FAST Recovery Act “Research” Conducted By Union Organizers

Email records recently acquired by the Employment Policies Institute (EPI) show that researchers at the University of California, Los Angeles (UCLA) have been seemingly more interested in partnering with labor activists than doing objective research.

UCLA’s Labor Center boasts about producing quality research that “lifts industry standards.” In fact, the Labor Center has been a vocal voice in favor of California’s Fast Food Accountability and Standards Recovery (FAST) Act, a “controversial” proposed bill that industry voices have warned would be a burdensome “food tax” on Californians.

A recent EPI study found that labor unions’ case for the FAST Recovery Act is not supported by the state’s own data. Now, new records reveal that the unions’ own reports are undermined by the biased and unscientific process used to assemble them.

The records concern a January 2022 study produced by the UCLA Labor Center, on the impact of COVID-19 on fast food workers, which has been frequently cited as a justification for passing the FACT Recovery Act. While the report was portrayed as a scholarly UCLA product, documents reveal that the study specifically was part of a larger advocacy strategy by the SEIU and its Fight for $15 campaign.

For instance, the data in the January 2022 study on the impacts of COVID-19 on fast-food workers was based on convenience surveys done by “staff” members of Fight For $15, and recruited by other aligned activist groups. This email describing the process was sent to Manuel Villenueva of the Restaurant Opportunities Center; Janel Bailey of the LA Black Workers Center; and Jessica Sykes of KIWA (Koreatown Immigrant Workers Alliance).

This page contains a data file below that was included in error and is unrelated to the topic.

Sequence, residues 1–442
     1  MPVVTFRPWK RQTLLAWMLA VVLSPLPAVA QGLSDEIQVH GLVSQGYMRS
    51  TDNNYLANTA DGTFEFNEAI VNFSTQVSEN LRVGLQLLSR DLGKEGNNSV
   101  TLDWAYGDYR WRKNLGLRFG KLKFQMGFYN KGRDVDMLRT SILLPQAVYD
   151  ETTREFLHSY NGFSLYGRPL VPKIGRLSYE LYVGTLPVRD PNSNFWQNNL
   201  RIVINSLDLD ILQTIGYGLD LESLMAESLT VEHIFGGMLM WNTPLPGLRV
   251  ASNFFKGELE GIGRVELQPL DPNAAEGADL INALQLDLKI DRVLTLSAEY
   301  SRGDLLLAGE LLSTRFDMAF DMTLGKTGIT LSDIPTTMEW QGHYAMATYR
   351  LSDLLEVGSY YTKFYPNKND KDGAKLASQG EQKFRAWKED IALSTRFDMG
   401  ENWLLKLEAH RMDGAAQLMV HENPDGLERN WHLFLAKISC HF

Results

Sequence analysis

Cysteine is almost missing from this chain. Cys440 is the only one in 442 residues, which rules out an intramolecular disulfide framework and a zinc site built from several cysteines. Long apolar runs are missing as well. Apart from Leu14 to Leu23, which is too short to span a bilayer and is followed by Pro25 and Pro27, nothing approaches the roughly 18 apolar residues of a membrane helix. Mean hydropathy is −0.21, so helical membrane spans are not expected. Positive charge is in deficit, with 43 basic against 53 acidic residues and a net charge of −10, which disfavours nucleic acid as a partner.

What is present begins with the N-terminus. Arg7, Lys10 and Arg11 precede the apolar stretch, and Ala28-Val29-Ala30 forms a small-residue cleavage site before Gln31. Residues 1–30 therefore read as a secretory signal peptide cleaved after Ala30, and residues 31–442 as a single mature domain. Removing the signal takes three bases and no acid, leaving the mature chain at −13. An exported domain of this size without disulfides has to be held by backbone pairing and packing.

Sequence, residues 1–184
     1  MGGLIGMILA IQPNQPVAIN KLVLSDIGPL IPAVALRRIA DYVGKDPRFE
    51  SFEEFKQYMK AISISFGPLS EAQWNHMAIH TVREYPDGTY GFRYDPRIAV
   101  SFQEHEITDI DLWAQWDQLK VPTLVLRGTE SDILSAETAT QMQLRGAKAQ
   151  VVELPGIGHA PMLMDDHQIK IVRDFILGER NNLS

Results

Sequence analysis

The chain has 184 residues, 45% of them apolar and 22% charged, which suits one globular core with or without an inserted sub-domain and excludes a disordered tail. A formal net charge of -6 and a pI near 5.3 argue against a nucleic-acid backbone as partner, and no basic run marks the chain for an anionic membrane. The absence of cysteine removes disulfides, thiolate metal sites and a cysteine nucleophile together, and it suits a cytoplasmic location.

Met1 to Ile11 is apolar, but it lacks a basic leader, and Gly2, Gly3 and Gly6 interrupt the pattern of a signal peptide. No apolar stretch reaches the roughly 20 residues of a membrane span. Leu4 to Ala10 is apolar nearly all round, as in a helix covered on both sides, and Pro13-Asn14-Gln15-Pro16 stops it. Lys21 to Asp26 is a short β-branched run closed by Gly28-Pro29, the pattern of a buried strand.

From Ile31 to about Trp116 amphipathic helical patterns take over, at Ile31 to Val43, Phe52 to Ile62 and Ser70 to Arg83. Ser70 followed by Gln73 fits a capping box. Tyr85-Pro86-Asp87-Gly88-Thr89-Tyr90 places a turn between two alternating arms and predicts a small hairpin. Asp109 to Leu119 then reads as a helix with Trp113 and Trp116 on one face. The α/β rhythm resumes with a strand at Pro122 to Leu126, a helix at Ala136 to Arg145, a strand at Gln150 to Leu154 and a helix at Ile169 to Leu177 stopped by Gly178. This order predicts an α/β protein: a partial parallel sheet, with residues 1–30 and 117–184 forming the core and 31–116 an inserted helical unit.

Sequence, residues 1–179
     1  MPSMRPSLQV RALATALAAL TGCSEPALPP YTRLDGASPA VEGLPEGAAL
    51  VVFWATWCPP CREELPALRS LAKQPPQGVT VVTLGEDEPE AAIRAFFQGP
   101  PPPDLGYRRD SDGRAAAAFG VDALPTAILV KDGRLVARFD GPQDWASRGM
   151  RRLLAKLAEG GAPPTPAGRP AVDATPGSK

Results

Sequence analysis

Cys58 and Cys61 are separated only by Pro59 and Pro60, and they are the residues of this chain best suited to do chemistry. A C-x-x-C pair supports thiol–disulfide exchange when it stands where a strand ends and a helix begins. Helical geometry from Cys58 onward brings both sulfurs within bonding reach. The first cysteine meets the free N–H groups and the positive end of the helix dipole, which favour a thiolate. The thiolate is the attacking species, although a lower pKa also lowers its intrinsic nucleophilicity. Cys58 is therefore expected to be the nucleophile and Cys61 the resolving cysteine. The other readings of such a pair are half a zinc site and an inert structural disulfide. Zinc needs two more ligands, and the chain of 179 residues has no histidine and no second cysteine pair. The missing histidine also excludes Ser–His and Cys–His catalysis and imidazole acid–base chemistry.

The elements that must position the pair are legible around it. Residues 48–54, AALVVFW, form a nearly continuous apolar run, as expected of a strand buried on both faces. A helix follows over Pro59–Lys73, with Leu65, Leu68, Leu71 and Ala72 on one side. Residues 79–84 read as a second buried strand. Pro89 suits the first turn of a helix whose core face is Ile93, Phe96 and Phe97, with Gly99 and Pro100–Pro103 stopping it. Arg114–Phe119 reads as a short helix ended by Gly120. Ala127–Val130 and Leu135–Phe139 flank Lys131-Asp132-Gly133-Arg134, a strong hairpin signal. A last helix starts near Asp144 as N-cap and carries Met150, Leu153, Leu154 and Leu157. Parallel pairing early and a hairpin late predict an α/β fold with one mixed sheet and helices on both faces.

In another exchange, SEIU listed all the Fight for $15 organizers who were also involved in obtaining survey responses, and confirmed that all were “staff.”

Not only did UCLA outsource the survey and recruitment work to labor groups, but those labor groups even took efforts to obscure some of what was going on. In an April 2021 email, a member of Fight For $15 asked UCLA to hide the identity of one of its staff members who was being used to conduct the surveys. This may be because Mr. Perez has elsewhere been described as an independent fast food worker.

In January 2022, UCLA received several media inquiries after publishing the study. Many of these journalists specifically inquired about talking to workers who had been impacted by COVID-19. The Labor Center’s response? To directly coordinate with labor groups to supply workers for interviews. In one particularly revealing instance, the director of communications for the Labor Center connected the reporter with her “colleagues” – employees at SEIU and Fight For $15.

Another sign of the planned media strategy around the report was an exchange between a reporter for the San Francisco Chronicle and a communications manager for the SEIU (again, set-up with help from UCLA). Thanks to this email, we know SEIU had used PR firm Berlin Rosen to help with media interest on UCLA’s report. (Nina Wheeler is an account supervisor with BR.)

Elsewhere, the union fed preferred academics such as the Berkeley Labor Center’s Ken Jacobs “talking points” about the FAST Recovery Act to deliver in testimony before the state legislature.